Heh, I didn’t read the linked article, and I got most of the way through the post saying to myself, "why can’t it be done in O(n)?"  I decided that either 1) I was much more brilliant than Raymond (unlikely), or 2) I was missing something subtle about the definition of ‘rotate’ or a problem constraint.  Turns out we just didn’t agree on what ‘n’ meant. :)

16. chustar says:

One of the reasons I follow this blog so closely is because it allows me to learn a fair amount of new things (even in posts about his nieces).

That said, I’m not sure I understand how this works exactly.

Several things I noticed:

1) He declared a function inside of a struct.

2) He declared a virtual function to be 0.

3) He created a class that inherits a from a struct.

Also, in his declaration, he calls the function:

return m_p->Element(y, x);

However, earlier he declared that IArray::Element = 0, so how does the function call work?

17. Marquess says:

A blog post with an algebraic proof … *swoon*

18. Marquess says:

@J:

Returning the same type is usually part of the exercise and, not surprisingly, real life.

19. Bekenn says:

@chustar:

20. i says:

"It’s the difference a phone dial and dialing a phone."

The number you have dialed is imaginary.  Please rotate your phone 90 degrees and try again.

21. Logan says:

@chustar, the only difference between a class and a struct in C++ is the default visibility (public for struct, private for class). Knowing this, 1 and 3 should now make sense. ‘= 0’ denotes a pure virtual function. You cannot create an instance of a class with a pure virtual function, instead a descendant class must implement the method.

22. chustar says:

@Logan

But isn’t m_p an instance of the pure struct?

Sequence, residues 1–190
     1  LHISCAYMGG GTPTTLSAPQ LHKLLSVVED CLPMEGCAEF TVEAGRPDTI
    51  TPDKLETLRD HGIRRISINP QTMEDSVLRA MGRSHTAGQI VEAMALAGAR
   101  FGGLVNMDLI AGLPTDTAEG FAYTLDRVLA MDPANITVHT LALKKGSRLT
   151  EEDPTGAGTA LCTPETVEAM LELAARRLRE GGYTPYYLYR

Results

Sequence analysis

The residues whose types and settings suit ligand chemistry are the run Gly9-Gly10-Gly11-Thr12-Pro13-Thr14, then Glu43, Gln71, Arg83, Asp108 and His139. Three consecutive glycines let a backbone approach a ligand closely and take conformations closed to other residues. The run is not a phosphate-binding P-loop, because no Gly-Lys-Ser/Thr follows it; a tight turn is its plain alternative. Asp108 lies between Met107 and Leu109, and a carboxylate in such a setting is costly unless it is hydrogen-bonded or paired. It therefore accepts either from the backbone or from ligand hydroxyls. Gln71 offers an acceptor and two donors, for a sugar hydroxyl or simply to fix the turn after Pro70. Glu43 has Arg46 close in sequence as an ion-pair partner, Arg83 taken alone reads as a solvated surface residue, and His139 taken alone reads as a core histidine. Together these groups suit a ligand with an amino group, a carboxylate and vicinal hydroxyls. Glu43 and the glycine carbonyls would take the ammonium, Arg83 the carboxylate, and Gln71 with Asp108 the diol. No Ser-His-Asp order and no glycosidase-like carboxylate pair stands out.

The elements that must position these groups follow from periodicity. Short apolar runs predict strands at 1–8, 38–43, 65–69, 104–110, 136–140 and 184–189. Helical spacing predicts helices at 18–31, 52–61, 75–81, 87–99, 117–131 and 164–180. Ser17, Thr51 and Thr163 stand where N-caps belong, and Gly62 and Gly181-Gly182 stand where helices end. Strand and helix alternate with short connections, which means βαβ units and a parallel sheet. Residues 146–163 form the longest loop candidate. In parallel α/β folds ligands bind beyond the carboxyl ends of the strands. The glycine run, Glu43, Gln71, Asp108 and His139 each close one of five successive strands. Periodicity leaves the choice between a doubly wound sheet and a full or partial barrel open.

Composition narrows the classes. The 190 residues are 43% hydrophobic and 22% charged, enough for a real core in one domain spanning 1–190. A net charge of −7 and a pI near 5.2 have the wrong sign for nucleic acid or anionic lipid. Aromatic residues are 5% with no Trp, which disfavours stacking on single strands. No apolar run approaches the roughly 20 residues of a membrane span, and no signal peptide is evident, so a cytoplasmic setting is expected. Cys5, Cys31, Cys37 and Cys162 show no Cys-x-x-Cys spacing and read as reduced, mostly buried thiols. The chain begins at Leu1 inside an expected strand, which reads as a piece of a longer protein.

As in:

private:

IArray *mp;

@Bekenn

Checking it

23. Evan says:

"Computer science students spend so much time trying to push the complexity of an algorithm down that they neglect to learn how to tell that you can’t go any lower."

Every once in a while you’ll see something like that. For instance, "you have to look at every element" is brought up as an argument for why finding, e.g., the maximum element in an unsorted array can’t be done in sublinear time, and the (Knuth’s?) proof that comparison-based sorting can’t be done in better than O(n*log n) seems to be reasonably standard fare for algo classes.

24. "Computer science students spend so much time trying to push the complexity of an algorithm down that they neglect to learn how to tell that you can’t go any lower." ->  Proving what are called "lower bounds" is notoriously harder than "upper bounds".

Stephan

25. J says:

Who says you have to return the exact same array?

Unless your spec says you *must* modify the input array, you can return whatever subclass of your return type you want.

26. James says:

The thing about changing the accessor is cute, but it’s disingenuous to claim that it makes an O(n^2) operation O(1).  It’s just breaking up that O(n^2) operation into steps that are done lazily.  Actually applying those steps would still be O(n^2).

27. Gabest says:

And when those students leave the school they will realize 4×4 matrices are the most common and those are transposed with 4 raw dependent SSE shuffle pairs, doh.

28. Levi says:

It’s as if you were to asked to rotate a matrix written on a piece of paper and you just rotate the piece of paper == constant time. Brilliant!

29. Dylan says:

@James "Actually applying those steps would still be O(n^2)."

Not quite.  With this augmented array datatype, while there is an overhead for access, you can rotate it as many times as you like during the time you spend using it at 0 additional cost.

30. Alexandre Grigoriev says:

@Dylan,

The whole point of going into the array rotation trouble is to speed up the access to the rotated form. If you have to do index arithmetics, you just lose speed all the time.

31. Joseph Koss says:

Indexing is often very close to free these days, hidden in the latency of the memory operations that you are bottlenecked on.

32. Harold De Armas says:

Because I’m always game for a fun puzzle, to rotate using indices vs memory swapping:

Rotated 0: ElementAt(x, y)

Rotated 90 CC: ElementAt(n-y, x)

Rotated 180 CC: ElementAt(n-x, n-y)

Rotated 270 CC: ElementAt(y, n-x)

Yet another thing to put on my list of "Clever tricks I wish I thought of during programming contests but did the quick & dirty way"

33. Christian says:

"ElementAt(n-y, x)" etc -> n-1-y?